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Recipe for River Valleys by Jen de la Cruz

Jen's Recipe for River Valleys

This is for all of you Brycers out there who have tried to fit mountains together just right to make a nice valley. Or, it's for any of you who just plain like rivers... and hey, if you didn't like rivers, you wouldn't be here, right?

(Picture of end result of recipe, plus texture and clouds.)

Bryce 3D or higher
Adobe Photoshop (or another image program)

I used a Windows oven for this, but it should work in a Mac oven too. Extra detail on how to prepare ingredients is provided for beginners. Some experienced chefs could probably figure it all out from the pictures alone.

First, preheat Adobe Photoshop to 512 degrees Fahrenheit.

Fire up Photoshop and create a new file with dimensions appropriate for a Bryce terrain. I usually don't go below 512 x 512 pixels, since I think that gives me the nicest winding river. I could always scale it down later to 256 or 124, if I so desired. For these examples I'll show small halfsize versions of the results for each step. Like this! (ooh, aah, blank image. Big thrill eh?)

Next, use a black and white linear gradient.

Set your key colors (is that what they're called? I have no idea), to black and white. You know, the two at the bottom of the Tools window. It doesn't matter which is which.

Then, select the Gradient tool. That's the little white, gray and black rectangle beneath the T (text tool), if you've never used it before.
Doubleclicking on the gradient tool will call up the options dialog box. You want settings of... Normal, Opacity 100%, Gradient: Foreground to Background, Linear. Other settings will give you some interestingly strange valleys -- experiment!

Anyway, use the gradient tool to create a shading from black to white in your terrain image. Basically, you drag a line across the center of the picture horizontally, and that's the range of your gradient. A longer line will give you a wider gradient and a more winding river... a more narrow line will give you a straighter river. Here's two examples, the top has a wider gradient, the bottom one is more narrow:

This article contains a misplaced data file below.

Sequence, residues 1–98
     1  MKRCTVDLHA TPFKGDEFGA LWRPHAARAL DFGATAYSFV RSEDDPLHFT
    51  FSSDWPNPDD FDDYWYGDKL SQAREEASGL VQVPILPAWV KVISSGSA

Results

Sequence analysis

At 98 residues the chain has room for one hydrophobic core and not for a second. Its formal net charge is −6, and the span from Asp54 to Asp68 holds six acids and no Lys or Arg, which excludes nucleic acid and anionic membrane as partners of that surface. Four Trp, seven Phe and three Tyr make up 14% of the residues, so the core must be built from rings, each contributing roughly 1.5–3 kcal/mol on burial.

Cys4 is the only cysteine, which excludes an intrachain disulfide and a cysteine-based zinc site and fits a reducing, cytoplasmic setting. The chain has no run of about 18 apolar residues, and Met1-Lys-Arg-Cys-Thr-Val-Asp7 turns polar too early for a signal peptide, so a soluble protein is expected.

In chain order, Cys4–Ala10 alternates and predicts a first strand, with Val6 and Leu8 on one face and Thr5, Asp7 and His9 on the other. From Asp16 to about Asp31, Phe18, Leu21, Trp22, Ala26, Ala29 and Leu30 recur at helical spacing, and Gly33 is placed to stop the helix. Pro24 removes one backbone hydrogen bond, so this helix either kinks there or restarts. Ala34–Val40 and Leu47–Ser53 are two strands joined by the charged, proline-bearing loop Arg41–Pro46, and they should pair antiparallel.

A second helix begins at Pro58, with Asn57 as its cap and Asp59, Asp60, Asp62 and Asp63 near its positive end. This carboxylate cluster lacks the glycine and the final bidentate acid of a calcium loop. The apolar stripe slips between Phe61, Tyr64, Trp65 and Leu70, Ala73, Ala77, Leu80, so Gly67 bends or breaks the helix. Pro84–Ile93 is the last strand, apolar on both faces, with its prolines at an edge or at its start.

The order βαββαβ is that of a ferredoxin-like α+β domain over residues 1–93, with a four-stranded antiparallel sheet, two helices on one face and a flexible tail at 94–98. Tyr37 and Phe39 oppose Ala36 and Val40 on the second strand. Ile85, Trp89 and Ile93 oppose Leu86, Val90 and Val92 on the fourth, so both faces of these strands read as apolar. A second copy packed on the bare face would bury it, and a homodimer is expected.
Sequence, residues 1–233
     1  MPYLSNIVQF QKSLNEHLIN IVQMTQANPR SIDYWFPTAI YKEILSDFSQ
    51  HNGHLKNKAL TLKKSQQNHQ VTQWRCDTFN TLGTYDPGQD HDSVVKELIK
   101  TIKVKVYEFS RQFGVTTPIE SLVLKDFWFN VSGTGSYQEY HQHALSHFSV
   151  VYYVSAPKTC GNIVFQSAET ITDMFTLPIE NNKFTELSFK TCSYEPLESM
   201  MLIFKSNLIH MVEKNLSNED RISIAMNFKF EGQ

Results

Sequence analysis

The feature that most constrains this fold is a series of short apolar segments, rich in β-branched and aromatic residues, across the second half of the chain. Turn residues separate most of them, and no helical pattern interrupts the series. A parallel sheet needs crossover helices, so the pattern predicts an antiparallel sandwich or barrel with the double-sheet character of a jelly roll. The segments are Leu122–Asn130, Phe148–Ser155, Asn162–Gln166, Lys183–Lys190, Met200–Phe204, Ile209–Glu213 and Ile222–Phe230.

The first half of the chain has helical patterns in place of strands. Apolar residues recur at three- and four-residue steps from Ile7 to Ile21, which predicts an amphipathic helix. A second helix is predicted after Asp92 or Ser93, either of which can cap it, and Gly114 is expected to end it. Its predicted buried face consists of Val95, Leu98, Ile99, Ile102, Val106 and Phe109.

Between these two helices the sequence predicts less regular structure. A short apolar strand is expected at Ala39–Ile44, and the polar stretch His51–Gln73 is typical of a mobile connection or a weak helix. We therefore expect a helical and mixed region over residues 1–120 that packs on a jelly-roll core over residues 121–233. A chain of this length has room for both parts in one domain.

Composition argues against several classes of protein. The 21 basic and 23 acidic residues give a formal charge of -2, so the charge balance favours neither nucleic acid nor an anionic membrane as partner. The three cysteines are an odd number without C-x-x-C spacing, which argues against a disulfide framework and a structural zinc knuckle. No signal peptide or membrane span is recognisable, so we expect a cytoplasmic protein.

Filter using Difference Clouds.

This is the fun part. Go to Filter (one of the choices at the top of the screen...), then go down to Render, then select Difference Clouds. BAM! Suddenly this looks a whole lot like a grayscale to height map, now doesn't it? Heh heh. That black, wavy line will be the river once you get this terrain into Bryce where it belongs.

If you don't like how your river turned out, just use Undo (Control-Z in Windows) to get your original gradient back. Or, reload, or re-drag the gradient, or whatever. Then redo the filter (Control-F is the hot key for this).

You get a different river every time you filter it! Ooooh, aaaah, neat ain't it.
I usually try it a few different times till I get a river I like. Here's the two gradients from above, filtered:

Save your chosen grayscale-to-height map as a .BMP (if you're using Windows. Mac uses, uhhh... a .TIF or something).

When in Bryce, do as the Brycers do.

Now, finally, leave Photoshop and go to Bryce!

Make a terrain. Now, edit the terrain. This should open the Terrain Editor (wow!). See that grayscale map of the existing mountain? We're going to replace it with your river valley. There's three tabs at the top of the screen: Elevation, Filtering, and Pictures. Go to Elevation (you might already be there).